Slightly more uptown, at the New Museum, writer/director/choreographer Jack Ferver and artist Marc Swanson presented the installation/performance Chambre as part of this year’s Crossing The Line Festival. According to Ferver, the piece “examines the themes of greed, celebrity, class disparity, capital “O” otherness, and the violence that comes from these issues internally and externally.” (Phew!) To achieve all of this, Ferver whips Jean Genet’s The Maids together with excerpts from Lady Gaga’s 2013 deposition from a lawsuit brought against her by a former personal assistant alleging unpaid overtime. Also woven into Chambre are Ferver’s own texts as well as select lines from the trial testimony of Christine Lapin, one of the two sisters who brutally murdered their employer and her daughter in 1933, the event that inspired Genet’s play. Unfortunately, with arrows aimed in so many directions, it’s not a surprise this piece misses the bulls-eye.
Ferver, alongside Jacob Slominski, perform as Christine and Léa, the sisters who escape their work as maids by playing at a fantasy in which they become their mistress, go to Paris, and live a life of luxury. Theirs is a folie à deux fueled by the combustible forces of oppression, desire, and shaming. Yet when their mistress arrives (Michelle Mola), lip syncing her lines in a sing-song style and flitting about like an ADD trust-fund Tinkerbell, we understand that her delusions of grandeur are no less toxic and absurd than those of the sisters’. It’s that wealth gives her the power to materialize them.
Ferver rounds out Genet’s story by performing as Lady Gaga accusing her former assistant of entitlement and ingratitude. As one might hope, the diva bequeathed us a superior record of her nastiness. “[She] got to take private planes, eat caviar, party with Terry Richardson all night, wear my clothes, ask YSL to send her free shoes without my permission, using my YSL discount without my permission.” Although Ferver’s delivery possesses just the right touch of acid, one’s fangs don’t have to be especially sharp to chew through pulp this juicy. “She thinks she’s just like the queen of the universe,” Ferver-as-Gaga hisses, “But in my work and what I do, I’m the queen of the universe every day.” Such is the pseudo-tragedy of the star: to be misunderstood by all of her subjects in a cosmos of one. A sign of our times: Gaga’s assistant never stabbed her or gouged her eyes out; she settled out of court. She also reportedly received a million dollar book deal to dish about her former boss, a brutal blow to a celebrity—a body that largely subsists on the largesse of its own fictions.
With so much possible flesh to flay, it’s disappointing Chambre only stabs at the surface. When a performer for whatever reason doesn’t feel the necessity or urgency to produce a text all his or her own, what sometimes happens is a grazing of source materials. Here Genet’s play hangs as outline and reference, carving what we might call (with a healthy dose of venom) “the safe space of literature.” The man who moved Jean-Paul Sartre to pen Saint Genet, a kind of treatise on the origins of genius, is used to lend gravity to the piece; Genet’s presence and labor are not repaid in kind. If Ferver, a truly charismatic performer with razor sharp comedic sensibilities, isn’t interested in diving more deeply into the texts of others, he should (and could) push his own ideas to the fore—and use the full force and focus of his talons without this dubious kind of permission.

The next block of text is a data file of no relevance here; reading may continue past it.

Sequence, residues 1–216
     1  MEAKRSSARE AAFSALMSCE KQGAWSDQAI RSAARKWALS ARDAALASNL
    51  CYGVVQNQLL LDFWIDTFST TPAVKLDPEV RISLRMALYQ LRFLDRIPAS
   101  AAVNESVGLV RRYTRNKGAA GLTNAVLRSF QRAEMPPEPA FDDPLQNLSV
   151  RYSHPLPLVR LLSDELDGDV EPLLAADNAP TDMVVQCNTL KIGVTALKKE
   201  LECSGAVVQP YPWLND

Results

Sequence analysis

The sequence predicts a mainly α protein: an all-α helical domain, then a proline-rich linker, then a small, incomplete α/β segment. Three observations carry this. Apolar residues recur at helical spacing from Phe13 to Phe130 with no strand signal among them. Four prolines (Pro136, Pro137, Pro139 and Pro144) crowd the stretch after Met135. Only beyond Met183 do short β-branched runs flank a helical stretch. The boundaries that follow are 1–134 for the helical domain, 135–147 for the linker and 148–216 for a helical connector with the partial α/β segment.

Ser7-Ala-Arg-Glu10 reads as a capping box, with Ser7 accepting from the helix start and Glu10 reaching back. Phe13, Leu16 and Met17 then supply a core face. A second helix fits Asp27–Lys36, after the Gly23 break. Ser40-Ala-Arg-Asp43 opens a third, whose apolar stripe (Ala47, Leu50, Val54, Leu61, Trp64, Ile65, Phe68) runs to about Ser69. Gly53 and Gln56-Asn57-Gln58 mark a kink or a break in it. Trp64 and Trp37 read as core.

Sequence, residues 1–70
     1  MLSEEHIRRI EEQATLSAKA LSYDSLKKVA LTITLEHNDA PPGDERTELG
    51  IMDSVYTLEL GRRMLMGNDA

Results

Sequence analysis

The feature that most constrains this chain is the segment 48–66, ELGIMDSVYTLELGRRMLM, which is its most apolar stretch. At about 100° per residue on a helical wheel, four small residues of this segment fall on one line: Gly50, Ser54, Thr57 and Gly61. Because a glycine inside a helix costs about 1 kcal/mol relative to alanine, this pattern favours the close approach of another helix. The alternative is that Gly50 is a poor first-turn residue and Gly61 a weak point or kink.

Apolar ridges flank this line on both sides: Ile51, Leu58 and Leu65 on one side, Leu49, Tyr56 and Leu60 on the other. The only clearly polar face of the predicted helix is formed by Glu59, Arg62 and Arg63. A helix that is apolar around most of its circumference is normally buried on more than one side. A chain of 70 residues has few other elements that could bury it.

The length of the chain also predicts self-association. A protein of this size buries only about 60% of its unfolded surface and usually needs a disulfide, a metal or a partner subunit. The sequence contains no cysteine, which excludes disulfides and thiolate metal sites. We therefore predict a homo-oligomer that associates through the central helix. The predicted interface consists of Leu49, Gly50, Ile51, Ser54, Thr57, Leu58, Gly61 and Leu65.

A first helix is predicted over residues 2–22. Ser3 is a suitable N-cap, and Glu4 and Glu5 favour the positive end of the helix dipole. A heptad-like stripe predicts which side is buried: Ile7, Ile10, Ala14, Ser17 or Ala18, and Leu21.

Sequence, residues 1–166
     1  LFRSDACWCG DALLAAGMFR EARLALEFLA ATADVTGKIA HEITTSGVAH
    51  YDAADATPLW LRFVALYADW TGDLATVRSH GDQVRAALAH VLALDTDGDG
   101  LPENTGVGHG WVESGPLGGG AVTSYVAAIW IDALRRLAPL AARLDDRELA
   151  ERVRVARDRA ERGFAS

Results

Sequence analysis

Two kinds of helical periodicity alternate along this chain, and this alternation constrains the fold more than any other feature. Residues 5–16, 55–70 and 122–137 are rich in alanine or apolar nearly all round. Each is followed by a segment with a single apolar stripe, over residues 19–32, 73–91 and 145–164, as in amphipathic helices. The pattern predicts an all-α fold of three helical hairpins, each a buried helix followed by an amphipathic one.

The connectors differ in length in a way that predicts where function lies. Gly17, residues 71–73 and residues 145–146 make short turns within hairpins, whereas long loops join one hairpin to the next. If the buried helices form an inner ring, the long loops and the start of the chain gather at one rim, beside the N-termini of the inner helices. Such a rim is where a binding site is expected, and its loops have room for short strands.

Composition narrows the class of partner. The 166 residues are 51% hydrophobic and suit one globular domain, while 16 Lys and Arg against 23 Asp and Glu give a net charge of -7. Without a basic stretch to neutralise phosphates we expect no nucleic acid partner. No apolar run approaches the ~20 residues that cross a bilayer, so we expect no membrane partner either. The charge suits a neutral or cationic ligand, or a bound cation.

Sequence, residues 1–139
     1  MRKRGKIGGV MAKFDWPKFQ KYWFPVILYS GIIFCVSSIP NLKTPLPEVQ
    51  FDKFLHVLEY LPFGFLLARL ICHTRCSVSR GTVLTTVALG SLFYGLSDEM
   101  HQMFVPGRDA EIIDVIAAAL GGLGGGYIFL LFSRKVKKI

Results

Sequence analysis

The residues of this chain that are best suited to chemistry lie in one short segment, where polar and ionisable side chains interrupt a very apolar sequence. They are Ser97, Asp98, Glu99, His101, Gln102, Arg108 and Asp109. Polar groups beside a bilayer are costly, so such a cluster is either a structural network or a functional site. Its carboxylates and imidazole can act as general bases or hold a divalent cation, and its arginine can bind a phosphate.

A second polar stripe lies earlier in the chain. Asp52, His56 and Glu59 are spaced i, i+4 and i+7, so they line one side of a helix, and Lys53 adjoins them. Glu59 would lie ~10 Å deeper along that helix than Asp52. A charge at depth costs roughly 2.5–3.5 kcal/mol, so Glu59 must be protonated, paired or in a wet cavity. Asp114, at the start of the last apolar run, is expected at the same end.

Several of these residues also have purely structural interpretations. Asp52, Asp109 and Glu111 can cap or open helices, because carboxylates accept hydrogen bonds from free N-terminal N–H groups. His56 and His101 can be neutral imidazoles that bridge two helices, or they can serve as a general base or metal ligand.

He seems to know this too. At the end of the show, Ferver takes a moment to nibble the hands that feed him. “The monetization of performance is so scary,” he tells the New Museum audience, his voice remaining in the diva register. “It’s so ridiculous that I make what I make. My friends are worried about me because I can barely afford my health insurance and they are like, Why don’t you write a movie, you are so funny, and comedy really sells.” Projecting himself into a future LA lifestyle—“New York is so gross and totally inhospitable to artists now”—Ferver riffs on the benefits of creating confections from a city that has “so much space.” If this is how a performer is to survive—more space, less art?—ah me. As another deluded diva once said, Let them eat cake.
Basil Twist’s Sisters’ Follies: Between Two Worlds runs through November 7th at Abrons Arts Center; Jack Ferver and Marc Swanson’s Chambre was installed and performed at the New Museum from September 23rd–October 4th.